• Heat a gas tandoor and put the baatis on the grill. Cook them on a medium flame for 20 to 25 minutes to ensure that they are cooked properly from the inside also.

Tips for Baatis

  • The baatis can be cooked on a gas tandoor directly without boiling them first.
  • Alternatively the boiled baatis can be baked in a pre-heated oven at 200°C (400°F) for 10-15 minutes turning them over occasionally.
  • The baatis can also be deep fried in hot ghee instead of cooking them in a tandoor.
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How to serve?

  • Heat the dal again till it is piping hot.
  • Arrange two baatis on a serving dish and break them into pieces. Pour 1 tbsp melted desi ghee evenly over it. Be liberal in the use of desi ghee. Pour some hot dal over it. If you wish, you can also sprinkle 2 tbsp of onions and ½ tsp lemon juice evenly over it.
  • Serve immediately with churma.

Dal baati churma is a traditional dish in which lots of desi ghee is used. Calorie conscious people can be a little hesitant in trying it or may prefer it without the liberal doses of ghee. But if you want to have an authentic taste of the dish, then keep your apprehensions & calorie consciousness aside for a while and enjoy the dal bati churma with spoonsful of desi ghee in it.

© 2016 Shaloo Walia


Shaloo Walia (author) from India on June 08, 2018:

Thank you Chitrangada!

Shaloo Walia (author) from India on June 08, 2018:

Thank you!

Chitrangada Sharan from New Delhi, India on June 08, 2018:

Came back to read your wonderful article, once again. Love Daal Bati recipe, and love the way you presented it.

Thanks for sharing!

Rajan Singh Jolly from From Mumbai, presently in Jalandhar, INDIA. on June 08, 2018:

Awesome preparation.

Shaloo Walia (author) from India on January 26, 2016:

@Rajan Yes, too many calories due to desi ghee but again once in a while it's fine. Even our sarson da saag is incomplete without desi ghee.

Rajan Singh Jolly from From Mumbai, presently in Jalandhar, INDIA. on January 26, 2016:

I just love this traditional and ever popular Rajasthani cuisine of Dal Baati Churma and for me its Baafle with the baatis literally swimming in ghee. The upside is it's not too dry, the downside that its too loaded with calories but since this is once in a while indulgence, it goes fine with me.

Shaloo Walia (author) from India on January 23, 2016:

Thank you Surabhi! And Sridevi was indeed par excellence in 'Lamhe.'

Surabhi Kaura on January 23, 2016:

I love Rajasthani thaali. I would try that though someday. Thanks for the recipe.. looks delicious. I have bookmarked it.

What a song at the end! Sridevi's elegant dance...this song is timeless.

Shaloo Walia (author) from India on January 22, 2016:

You should try it Deb. It's easy to make and tastes yummy.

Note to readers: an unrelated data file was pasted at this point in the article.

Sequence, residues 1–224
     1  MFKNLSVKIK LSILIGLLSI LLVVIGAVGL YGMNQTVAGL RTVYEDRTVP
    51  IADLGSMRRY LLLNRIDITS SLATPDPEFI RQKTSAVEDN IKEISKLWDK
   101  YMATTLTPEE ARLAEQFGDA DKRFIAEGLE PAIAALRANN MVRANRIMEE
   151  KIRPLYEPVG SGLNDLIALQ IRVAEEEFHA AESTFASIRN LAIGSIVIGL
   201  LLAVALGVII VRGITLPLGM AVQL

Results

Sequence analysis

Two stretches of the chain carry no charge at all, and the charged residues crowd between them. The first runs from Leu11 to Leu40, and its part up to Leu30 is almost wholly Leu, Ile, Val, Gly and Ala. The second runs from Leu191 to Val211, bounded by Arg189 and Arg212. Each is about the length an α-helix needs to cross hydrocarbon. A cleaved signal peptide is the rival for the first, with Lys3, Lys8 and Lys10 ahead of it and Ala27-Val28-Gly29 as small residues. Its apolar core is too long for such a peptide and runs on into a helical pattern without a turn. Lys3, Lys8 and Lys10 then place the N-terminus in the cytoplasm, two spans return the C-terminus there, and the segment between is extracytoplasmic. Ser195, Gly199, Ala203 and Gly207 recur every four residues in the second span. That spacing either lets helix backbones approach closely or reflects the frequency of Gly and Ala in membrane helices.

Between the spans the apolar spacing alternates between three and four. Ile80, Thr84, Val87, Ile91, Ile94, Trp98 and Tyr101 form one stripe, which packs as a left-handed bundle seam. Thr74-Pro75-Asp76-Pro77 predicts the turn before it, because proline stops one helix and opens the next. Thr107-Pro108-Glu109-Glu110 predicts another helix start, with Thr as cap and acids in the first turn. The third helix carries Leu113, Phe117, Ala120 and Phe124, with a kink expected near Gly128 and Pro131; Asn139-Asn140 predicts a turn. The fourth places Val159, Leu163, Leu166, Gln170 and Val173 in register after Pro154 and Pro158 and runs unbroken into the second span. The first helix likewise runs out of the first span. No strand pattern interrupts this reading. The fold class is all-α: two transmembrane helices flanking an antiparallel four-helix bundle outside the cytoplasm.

Deb Hirt from Stillwater, OK on January 22, 2016:

This is definitely something that I would like. I make my own garam masala.

Shaloo Walia (author) from India on January 20, 2016:

Thank you Chitrangada! I have spent almost fifteen years in Rajasthan and so closely connected with it. The historical places, the food, the bandhani sarees & dupattas and the rich culture- Rajasthan is simply awesome!

Shaloo Walia (author) from India on January 20, 2016:

Thank you Devika!You must try it whenever you get a chance. They taste as yummy as they look!

Devika Primić from Dubrovnik, Croatia on January 20, 2016:

Awesome! I like the recipes and looks so yummy. Tweeted!

Chitrangada Sharan from New Delhi, India on January 20, 2016:

Excellent hub about rich and colourful Rajasthani culture and cuisine and I love both. I had a Rajasthani friend who used to make delicious combination of these mouth watering recipes and I learnt from her. I make them very frequently as my family loves it.

You presented the hub very beautifully.

Thank you for sharing!

Shaloo Walia (author) from India on January 19, 2016:

Yeah Dana, they are simply yummy!

Dana Tate from LOS ANGELES on January 19, 2016:

The dishes look delicious.

Shaloo Walia (author) from India on January 18, 2016:

@Manatita 42! And still you never came to India? The video is a popular song from a Hindi movie set in Rajasthan. It's not about food yet a perfect portrayal of Rajasthani culture.

manatita44 from london on January 18, 2016:

Dhal Baat is totally awesome. I believe that's how the Nepalese call it or the Thai's. I've been to 42 countries and 80 vacations, so I forget, but I'm pretty sure it's Nepal.

Great HUb on the delicacy of Indian cooking.

Charming and energy-filled video as usual. I see a fireside, but is it about food? Such a rich culture!